The perfect example of this that I hear is in the Standing Separate Leg series of the class (Separate Leg Stretching, Triangle, Head to Knee), 90% of the time the teacher will say, "Bring your arms over your head sideways, palms together."


If you're going to teach "strictly dialogue", GET IT RIGHT!!

Only in the last pose of the series (Head to Knee) does it say to bring the palms together. But often, for the Stretching pose and Triangle - two poses where your palms do not come together, teachers will tell students to bring palms together.

Like I said, not dangerous to executing the pose. But as I was taught at training, it's not the dialogue. So really, I am bitching about this just to be a bitch to snotty people who claim they "strictly teach dialogue."

Timing The Postures.

Sweet fresh hell. It's pretty straight-forward about how long postures should be, for the most part.

"First set, hold for 60 seconds. Second set is only 30 seconds."

This is the rule for the Standing Series in class. However, because teachers often "strictly teach dialogue", they GO OVER 60 SECONDS. All the time.

This, naturally, can impact the rest of the series. Forcing teachers to shorten Savasanas... And even cut postures completely. (Yes. I've seen it happen a few times in the past month alone.)

While I don't think teaches should stare at a clock or watch to see how long they are making postures be held, they need to pay attention to the students. If they are all standing on one leg and balancing nicely, move them into the second part of the Standing Head to Knee all-fucking-ready!

And for the love of Beyonce... Can we please demo proper set-up of postures for new students BEFORE you get the rest of us into the set-up?!?!?! That alone eats up a lot of our energy, when we are all down in Triangle, waiting to turn our arms to get into the pose... But can't because you're showing a student - INCORRECTLY, I'VE WITNESSED - where their knee and toes should be in the lunge part.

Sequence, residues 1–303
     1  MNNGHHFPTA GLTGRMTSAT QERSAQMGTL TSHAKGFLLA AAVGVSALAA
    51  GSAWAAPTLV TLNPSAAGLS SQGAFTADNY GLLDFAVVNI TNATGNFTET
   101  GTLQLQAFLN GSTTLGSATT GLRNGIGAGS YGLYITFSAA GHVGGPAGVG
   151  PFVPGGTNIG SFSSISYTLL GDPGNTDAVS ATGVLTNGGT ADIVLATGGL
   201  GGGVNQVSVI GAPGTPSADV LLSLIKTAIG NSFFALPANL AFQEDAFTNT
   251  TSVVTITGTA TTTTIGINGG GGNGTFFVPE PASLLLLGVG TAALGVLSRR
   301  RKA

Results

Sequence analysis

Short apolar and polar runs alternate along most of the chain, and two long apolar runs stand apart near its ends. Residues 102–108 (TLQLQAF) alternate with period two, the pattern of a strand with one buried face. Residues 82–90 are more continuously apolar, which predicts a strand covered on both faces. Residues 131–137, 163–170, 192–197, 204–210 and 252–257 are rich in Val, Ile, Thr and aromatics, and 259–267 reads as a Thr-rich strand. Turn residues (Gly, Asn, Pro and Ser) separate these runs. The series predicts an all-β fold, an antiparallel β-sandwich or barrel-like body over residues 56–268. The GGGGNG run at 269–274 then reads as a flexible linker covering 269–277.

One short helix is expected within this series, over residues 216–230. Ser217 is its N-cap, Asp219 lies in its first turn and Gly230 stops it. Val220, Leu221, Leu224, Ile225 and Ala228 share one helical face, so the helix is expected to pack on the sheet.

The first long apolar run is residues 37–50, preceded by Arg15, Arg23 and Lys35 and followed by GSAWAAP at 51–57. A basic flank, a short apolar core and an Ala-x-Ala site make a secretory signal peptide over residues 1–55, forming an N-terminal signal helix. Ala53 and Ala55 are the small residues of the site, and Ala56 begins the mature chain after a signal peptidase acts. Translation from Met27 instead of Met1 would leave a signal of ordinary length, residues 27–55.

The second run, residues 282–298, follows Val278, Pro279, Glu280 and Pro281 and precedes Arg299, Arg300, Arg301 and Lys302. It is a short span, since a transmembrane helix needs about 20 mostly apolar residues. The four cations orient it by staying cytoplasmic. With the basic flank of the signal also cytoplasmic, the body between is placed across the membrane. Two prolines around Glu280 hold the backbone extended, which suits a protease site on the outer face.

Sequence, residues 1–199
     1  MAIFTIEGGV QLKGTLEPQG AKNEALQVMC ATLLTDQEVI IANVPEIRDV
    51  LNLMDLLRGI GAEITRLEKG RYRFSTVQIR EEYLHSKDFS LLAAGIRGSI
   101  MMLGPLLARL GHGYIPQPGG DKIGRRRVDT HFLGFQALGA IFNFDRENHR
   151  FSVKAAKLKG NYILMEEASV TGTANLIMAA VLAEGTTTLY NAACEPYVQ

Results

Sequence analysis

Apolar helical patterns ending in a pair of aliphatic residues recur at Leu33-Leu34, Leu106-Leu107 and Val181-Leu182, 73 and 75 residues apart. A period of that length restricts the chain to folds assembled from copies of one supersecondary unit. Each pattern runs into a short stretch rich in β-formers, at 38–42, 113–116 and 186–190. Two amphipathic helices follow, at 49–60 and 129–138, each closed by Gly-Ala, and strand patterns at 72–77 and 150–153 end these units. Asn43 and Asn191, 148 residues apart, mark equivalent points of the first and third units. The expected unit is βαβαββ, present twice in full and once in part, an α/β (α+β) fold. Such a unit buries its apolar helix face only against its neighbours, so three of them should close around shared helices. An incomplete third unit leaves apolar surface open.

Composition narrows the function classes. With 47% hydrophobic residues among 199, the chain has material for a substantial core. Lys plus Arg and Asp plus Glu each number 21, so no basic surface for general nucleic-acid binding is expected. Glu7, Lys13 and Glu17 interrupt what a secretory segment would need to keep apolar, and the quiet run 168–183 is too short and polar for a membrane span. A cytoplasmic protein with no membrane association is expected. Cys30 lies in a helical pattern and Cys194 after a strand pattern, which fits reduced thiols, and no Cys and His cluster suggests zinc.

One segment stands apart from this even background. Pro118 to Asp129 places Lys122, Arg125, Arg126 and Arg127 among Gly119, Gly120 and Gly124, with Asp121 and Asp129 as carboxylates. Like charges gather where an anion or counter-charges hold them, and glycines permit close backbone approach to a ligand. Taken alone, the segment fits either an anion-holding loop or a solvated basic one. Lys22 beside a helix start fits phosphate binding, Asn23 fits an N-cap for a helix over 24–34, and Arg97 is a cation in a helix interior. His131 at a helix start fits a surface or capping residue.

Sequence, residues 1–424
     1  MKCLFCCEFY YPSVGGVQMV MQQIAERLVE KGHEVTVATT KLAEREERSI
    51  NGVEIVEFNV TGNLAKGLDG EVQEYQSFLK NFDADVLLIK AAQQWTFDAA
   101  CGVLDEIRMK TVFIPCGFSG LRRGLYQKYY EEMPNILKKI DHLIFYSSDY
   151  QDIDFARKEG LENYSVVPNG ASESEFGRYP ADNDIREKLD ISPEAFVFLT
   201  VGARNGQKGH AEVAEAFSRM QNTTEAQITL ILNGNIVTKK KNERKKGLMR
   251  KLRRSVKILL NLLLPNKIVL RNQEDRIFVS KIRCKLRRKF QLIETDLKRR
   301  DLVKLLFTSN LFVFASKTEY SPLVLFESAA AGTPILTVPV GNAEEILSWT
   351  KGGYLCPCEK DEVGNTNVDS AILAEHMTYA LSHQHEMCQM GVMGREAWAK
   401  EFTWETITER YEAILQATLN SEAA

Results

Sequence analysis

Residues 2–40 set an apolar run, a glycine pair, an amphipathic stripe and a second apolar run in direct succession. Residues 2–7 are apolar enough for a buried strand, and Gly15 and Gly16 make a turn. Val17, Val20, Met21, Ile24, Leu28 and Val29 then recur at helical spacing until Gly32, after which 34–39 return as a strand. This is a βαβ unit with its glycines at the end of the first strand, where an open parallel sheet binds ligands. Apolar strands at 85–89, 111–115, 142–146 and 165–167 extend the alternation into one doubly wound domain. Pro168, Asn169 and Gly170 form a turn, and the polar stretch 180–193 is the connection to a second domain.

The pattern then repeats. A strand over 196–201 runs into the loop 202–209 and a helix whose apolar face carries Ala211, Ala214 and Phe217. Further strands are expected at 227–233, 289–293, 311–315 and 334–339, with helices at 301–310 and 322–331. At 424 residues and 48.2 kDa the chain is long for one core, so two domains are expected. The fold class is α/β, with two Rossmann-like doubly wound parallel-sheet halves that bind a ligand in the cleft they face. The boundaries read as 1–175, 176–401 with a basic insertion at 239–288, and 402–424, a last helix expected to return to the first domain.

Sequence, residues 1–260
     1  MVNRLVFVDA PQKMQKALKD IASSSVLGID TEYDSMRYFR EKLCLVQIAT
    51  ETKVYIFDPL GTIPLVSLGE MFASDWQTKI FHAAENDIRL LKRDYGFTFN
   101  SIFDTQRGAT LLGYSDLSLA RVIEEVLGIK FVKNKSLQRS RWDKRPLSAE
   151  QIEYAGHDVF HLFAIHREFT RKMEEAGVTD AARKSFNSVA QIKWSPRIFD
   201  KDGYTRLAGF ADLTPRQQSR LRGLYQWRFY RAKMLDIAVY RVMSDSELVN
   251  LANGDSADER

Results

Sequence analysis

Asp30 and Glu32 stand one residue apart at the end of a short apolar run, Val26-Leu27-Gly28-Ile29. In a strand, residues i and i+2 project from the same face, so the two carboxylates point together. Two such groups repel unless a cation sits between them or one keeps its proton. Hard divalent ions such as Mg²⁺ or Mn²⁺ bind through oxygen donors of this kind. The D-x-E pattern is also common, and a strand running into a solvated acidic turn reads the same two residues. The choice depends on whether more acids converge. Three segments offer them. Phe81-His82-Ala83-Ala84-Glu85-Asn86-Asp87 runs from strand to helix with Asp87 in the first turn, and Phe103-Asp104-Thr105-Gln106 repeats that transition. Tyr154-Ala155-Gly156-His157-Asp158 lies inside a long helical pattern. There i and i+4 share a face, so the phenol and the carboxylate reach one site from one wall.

I move forward in postures all of the time, before the teacher may want me to, simply because they take too long. Sure, it annoys them. But "a fuck" I do not care about them.

Skipping Postures.

Oh Sweet Baby Jesus On Christmas Morning! Again, with this one particular studio I have attended, there are a few teachers that just are not paying attention to their timing that they realize they have run long... And then start to skip entire postures - not just sets, postures - to end the class.

This should never happen. And if it does consistently with you, you shouldn't be teaching. I don't care how nice you are.

I know many teachers disagree with me on this... But all teachers should wear a watch when they teach. Some argue, "But then the teacher will be looking at it all through class." Not if they are properly teaching, they won't.

When I was at training, we were taught how to time the class. Want to know how it should look? It's pretty simple. Here goes:

  • "Fifty-Four, Hit the Floor": By 54 minutes into the class, the students should be on the floor. If you are earlier than that, no big deal. If you are significantly past that, BIG FUCKING DEAL. It means you are going to run over.
  • "Fifteen Minutes Left, Be in Camel": By the time there are 15 minutes left in class, you should either be in Camel pose or be finishing it.

"So what if you are running long at the '54' mark?" you may be wondering.

Well, if you find yourself running long... Cut the LENGTH of the posture.

Do not ever cut the length of Savasanas.  Trim how long you hold the postures. Savasnana is way more important than the pose itself. I will fight you if you think otherwise.

So as you can see, I am a total bitch about this whole thing. But this post is a purge. One that needed to come out, because it is driving me crazy.

Thoughts? Concerns? Difference of opinion? Leave a comment!